Communist Movement in Kashmir

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n 1947, the major regional political party in Kashmir was National Conference. A few of its young and enthusiastic members, having received higher education in institutions outside the State, had come into contact with some people of progressive thought and outlook there. These young people played a prominent role in maintaining the democratic and secular direction of this major political Party – The National Conference; and, in the process they come to be identified with a small group within the Party, who had a progressive thinking. In December 1948, a section of this progressive group within the Party was ousted. They were accused of being audacious enough to criticise the Shaikh (Muhammad Abdullah) for behaving in an autocratic and dictatorial manner. After its ouster, this small group of youngmen started working separately and opened a bookshop at Miasma in Srinagar, where communist and other progressive literature was sold. Later on they shifted this shop to Gadha Singh Building in Lal Chowk (Srinagar) and its management was entrusted to one, H.N. Durani. This small group formed the first nucleous of the State Communist unit. The unit organized peasants under “Gris Gand” (Peasant Unity) and the youth under Students’ Federation and Democratic Youth League. But group merged with the National Conference again after the arrest and dismissal of the Shaikh in August, 1953.

Following Shaikh Mohammad Abdullah’s arrest, National Conference was naturally weakened. In its struggle for resurgence, there appeared cracks in it. This culminated in the crisis of 1957 general elections. The prominent members of progressive group left the National Conference alongwith their followers. They formed into a new party called the ‘’Democratic National Conference ‘’. The new party adopted a plough with three bars on red background as its flag and started an official newspaper, “Jammu Sandesh”. The Democratic National Conference functioned smoothly as a party in opposition till 1960, when majority decided to merge with the parent organization- National Conference. A few of the members of the Democratic National Conference did not, however, reconcile themselves to this reunion and formed another new partly called the “Democratic Conference”, with Ram Piara Saraf as its General Secretary. The party aligned itself with the Communist Party of India. Subsequently Ram Piara Saraf became a member of the National Council of the CPI from the Jammu and Kashmir State. Krishen Dev Sethi and Ghulam Mohammed Malik became provincial secretaries from Jammu and Kashmir provinces respectively. A general meeting of the party was held at Samba in the middle of 1960 in which the party flag was changed from plough and three bars with red background to red flag with hammer and scythe, and a State Committee was formed. The weekly “Jammu Sandesh” was taken over by this party with Ram Piara as its printer, publisher and editor.

The party could not make much headway in 1960-61. No doubt, in Jammu province it tried to penetrate into the government low-paid employees, labourers, peasants, teachers and refugees. In 1962, the party participated in general elections in Jammu province , but failed to win any seat. However, party boycotted the elections in Kashmir province for unknown reasons.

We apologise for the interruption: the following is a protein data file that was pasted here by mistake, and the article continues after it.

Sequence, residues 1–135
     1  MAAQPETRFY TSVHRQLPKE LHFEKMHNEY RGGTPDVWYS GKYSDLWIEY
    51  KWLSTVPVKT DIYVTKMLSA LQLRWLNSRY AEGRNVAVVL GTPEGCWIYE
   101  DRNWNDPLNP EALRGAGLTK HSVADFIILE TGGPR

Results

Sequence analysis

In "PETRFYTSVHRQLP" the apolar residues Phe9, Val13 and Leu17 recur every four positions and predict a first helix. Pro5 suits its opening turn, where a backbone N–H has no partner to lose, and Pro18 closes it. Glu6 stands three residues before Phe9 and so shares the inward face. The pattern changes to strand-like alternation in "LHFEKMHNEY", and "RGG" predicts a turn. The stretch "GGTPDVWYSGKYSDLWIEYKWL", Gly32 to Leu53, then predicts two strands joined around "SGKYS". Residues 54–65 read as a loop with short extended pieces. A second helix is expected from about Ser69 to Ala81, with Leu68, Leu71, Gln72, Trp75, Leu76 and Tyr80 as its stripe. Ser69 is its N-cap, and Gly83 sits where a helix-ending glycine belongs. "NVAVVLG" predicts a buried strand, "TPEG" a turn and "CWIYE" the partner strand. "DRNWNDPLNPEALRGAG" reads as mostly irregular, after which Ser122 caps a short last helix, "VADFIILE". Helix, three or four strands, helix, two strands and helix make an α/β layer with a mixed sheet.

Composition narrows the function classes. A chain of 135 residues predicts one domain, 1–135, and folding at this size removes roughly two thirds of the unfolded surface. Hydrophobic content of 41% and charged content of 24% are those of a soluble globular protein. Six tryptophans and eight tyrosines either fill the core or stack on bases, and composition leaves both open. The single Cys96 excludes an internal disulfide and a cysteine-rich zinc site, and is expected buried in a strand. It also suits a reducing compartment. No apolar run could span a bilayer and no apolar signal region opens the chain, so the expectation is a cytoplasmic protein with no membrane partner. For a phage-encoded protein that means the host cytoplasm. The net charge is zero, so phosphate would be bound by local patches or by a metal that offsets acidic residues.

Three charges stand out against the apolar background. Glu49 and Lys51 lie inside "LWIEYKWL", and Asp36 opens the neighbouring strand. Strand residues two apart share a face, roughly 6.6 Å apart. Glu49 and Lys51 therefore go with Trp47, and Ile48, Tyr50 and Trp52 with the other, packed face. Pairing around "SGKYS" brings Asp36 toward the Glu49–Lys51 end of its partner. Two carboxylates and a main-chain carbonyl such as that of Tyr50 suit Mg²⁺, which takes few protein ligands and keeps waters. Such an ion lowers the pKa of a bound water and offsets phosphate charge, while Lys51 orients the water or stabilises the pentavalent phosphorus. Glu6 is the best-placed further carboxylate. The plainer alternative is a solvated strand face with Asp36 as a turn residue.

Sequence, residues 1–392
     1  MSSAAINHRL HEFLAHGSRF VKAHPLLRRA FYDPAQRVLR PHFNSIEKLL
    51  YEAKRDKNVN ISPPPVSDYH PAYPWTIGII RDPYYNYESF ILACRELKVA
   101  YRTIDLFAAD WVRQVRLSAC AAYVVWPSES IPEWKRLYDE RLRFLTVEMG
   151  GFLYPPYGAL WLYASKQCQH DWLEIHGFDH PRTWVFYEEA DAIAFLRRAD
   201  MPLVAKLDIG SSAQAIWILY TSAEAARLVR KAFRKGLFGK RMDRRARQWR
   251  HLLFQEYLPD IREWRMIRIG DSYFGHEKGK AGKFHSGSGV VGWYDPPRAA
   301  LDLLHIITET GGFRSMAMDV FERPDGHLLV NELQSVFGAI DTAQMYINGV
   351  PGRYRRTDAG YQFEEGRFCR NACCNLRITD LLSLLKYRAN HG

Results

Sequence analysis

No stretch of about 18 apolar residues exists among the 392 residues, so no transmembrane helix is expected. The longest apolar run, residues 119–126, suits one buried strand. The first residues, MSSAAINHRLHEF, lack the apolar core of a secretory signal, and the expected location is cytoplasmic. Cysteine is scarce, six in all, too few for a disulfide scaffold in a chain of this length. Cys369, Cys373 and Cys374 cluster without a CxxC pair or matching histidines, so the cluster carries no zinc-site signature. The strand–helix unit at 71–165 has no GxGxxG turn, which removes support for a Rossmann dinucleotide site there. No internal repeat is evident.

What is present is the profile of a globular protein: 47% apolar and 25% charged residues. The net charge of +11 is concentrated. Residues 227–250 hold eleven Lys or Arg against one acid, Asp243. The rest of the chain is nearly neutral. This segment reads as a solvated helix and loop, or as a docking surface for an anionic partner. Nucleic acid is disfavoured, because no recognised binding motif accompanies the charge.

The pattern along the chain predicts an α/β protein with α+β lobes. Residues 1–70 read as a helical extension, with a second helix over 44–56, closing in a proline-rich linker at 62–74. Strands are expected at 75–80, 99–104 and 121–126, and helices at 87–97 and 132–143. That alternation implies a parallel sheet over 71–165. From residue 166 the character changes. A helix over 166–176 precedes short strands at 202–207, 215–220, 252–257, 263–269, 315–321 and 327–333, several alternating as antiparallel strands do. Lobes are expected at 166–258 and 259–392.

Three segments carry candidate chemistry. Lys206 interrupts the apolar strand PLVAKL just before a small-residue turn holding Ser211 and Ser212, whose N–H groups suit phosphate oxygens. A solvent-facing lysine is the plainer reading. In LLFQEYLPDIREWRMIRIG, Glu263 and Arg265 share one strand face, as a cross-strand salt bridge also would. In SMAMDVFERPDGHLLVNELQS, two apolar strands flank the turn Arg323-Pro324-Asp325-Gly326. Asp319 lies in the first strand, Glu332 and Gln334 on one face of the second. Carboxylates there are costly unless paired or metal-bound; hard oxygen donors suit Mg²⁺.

In 1963-64, the party activities remained confined to peasants only, and its leaders and workers devoted themselves in reorganising “Kisan Sabha”, which had been formed earlier. The party could not make any appreciable impact because the jagirdari system had been abolished long back under the Big Landed Estates Abolition Act of 1950 in the State. Abdul Kabir Wani joined the party in June 1964, on the persuation of Ghulam Mohammed Malik and became a prominent functionary in the “Kashmir Kisan Sabha”.

By the end of 1964, the Communist Party of India was split into two, and a separate all India party, Communist Party of India (Marxist), was formed. This development had its direct impact on the Democratic Conference. Ram Piara Saraf changed his allegiance to the newly formed party- Communist Party of India (Marxist) and his party also become affiliated to it. The Communist Party of India (Marxist) had become pro- Chinese and the Democratic Conference also harboured pro- Chinese sentiments. The State government was perturbed with the activities of Democratic Conference and arrested Ram Piara Saraf, Kishen Dev Sethi, Ghulam Mohammed Malik and Abdul Kabir Wani. However, they were released by the end of June 1966. It was during these days that CPI (R) came into existence in the State. A sizeable numbers of workers left the Democratic Conference, particularly in Kashmir province and joined CPI (R). To establish this party here, Z.U. Ahmad also made frequent visits to the State. This dealt a serve blow to the Democratic Conference. However, efforts were made to rejuvinate the party – Democratic Conference, and a meeting was held in Jammu in June- July, 1966. Harkishen Singh Surjit, a CPI (M) activist from Punjab, also participated in this meeting; and the decision was taken to change the composition of the party. Provincial Secretary’s post was abolished and instead District Committees were formed, holding them directly responsible to the State Central Committee. Ghulam Mohammed Malik, Abdul Kabir Wani and Ghulam Mohammad Lone were appointed the Secretaries of Srinagar, Anantnag and Baramulla districts respectively. Krishnan Dev Sethi, Mehta Bagwandas and Ved Paul Deep were elected the district secretaries in Jammu province. A State Central Committee was also formed with Ram Piara Saraf as its General Secretary. The other members elected for the Central Committee were: Krishnan Dev Sethi, Ghulam Mohammad Malik, Abdul Kabir Wani, Nahar Singh and Ved Paul Deep.